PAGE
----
In a small bowl, combine the ricotta, egg, and chopped basil and parsley. In a 13x9 inch pan, begin layering your lasagna. Start with a layer of sauce, then noodles (three for each layer, lengthwise), ricotta mixture, chicken mixture, sauce, then shredded cheese and roma tomatoes, loosely spaced. Next a layer of noodles, then all layers except for tomatoes. The third and final layer should have everything, including tomatoes. Finish it off with a layer of noodles, ricotta mixture, shredded cheese, then top with sliced mozzarella and tomatoes. Cover loosely with foil and bake for 40 minutes at 400 degrees, until bubbly. After 40 minutes, remove the foil and turn the oven up to broil for an additional 5-10 minutes, watching closely so that it doesn’t burn. Let sit for 10 minutes before serving. Makes one 13x9 inch pan.

Like I said, I normally make at least two pans of this to feed my army-sized family, but this time, I made it just for me and my sister, and sent some over to my parents too. I use a mandolin slicer to slice both the roma tomatoes and mozzarella (I got mine at Bed, Bath and Beyond for $11.99). Also, if you ever use a mandolin slicer, don't follow my lead in the picture below and hold whatever you're cutting by hand- I'm lucky I didn't slice off one of my purple tipped fingers!Angie kept me company in the kitchen while I made it, so I had her mix together the ricotta mixture. She quizzically asked me why in the world she was mixing an egg into it, and I explained to her that it helped hold it together. I had tons of leftovers, which was fine with me- I brought it to work for dinner for a few nights.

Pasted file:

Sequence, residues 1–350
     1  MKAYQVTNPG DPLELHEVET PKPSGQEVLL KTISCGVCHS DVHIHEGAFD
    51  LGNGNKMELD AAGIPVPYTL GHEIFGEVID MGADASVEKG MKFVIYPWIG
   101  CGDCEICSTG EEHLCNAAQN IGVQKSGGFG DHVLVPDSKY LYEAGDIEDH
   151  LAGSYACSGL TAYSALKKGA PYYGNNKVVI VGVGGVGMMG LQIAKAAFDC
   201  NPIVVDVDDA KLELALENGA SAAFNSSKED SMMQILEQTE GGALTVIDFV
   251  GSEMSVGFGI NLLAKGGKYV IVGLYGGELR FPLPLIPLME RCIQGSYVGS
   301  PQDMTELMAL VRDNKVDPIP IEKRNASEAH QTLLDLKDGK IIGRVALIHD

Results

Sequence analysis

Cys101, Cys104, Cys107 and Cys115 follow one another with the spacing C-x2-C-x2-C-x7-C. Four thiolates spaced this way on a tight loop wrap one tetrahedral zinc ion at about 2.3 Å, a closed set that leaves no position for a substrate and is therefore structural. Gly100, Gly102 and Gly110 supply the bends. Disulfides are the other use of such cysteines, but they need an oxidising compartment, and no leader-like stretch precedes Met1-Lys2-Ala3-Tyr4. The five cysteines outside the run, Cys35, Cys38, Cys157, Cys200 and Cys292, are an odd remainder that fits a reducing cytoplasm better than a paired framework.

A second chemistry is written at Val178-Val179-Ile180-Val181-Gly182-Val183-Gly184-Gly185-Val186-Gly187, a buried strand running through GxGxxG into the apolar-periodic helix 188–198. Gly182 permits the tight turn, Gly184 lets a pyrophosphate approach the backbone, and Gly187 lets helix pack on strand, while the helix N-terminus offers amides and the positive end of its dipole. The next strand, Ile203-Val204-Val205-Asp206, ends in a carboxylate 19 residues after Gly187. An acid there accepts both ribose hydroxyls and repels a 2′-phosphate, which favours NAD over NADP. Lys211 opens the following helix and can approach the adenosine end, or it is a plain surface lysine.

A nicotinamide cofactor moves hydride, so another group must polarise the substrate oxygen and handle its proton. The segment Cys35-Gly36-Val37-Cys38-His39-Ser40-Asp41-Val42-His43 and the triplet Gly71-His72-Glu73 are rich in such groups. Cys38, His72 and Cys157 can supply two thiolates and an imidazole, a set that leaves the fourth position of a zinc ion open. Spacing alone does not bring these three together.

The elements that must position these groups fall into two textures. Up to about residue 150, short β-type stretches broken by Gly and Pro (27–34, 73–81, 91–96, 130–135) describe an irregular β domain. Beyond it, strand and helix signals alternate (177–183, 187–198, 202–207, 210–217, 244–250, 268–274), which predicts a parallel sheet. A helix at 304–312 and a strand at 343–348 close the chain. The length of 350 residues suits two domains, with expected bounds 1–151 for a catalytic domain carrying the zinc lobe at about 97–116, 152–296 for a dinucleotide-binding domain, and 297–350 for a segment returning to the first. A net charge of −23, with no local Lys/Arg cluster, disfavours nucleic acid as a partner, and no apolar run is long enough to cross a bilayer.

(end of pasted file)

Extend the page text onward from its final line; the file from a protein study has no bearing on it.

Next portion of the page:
Monday, June 8, 2009

Solitude and Glowing Sea Creatures

This week, I have my apartment all to myself.

My roommates, Jon (who has been my best friend since we were teenagers) and Melissa (who I’ve gotten to know since the two of them began dating six years ago) are away on vacation, and while, in theory, having a whole week to myself is great (and I am enjoying it), it gets sort of lonely. Not that I spend every waking moment with them or anything like that. They both work day shifts, and I usually don’t leave the newsroom until 9 p.m. then make the 45-minute drive back to New London from Middletown. So, a lot of times, when I get home at night, they are already holed up in their room, and leave for work before I’m out of bed in the morning. So I see them mostly on weekends, when I am not spending time with my sister, niece, mom, etc. Despite all of that, Jon and Melissa are family to me, so just knowing that they are not in the next room when I get home leaves me feeling, well, alone.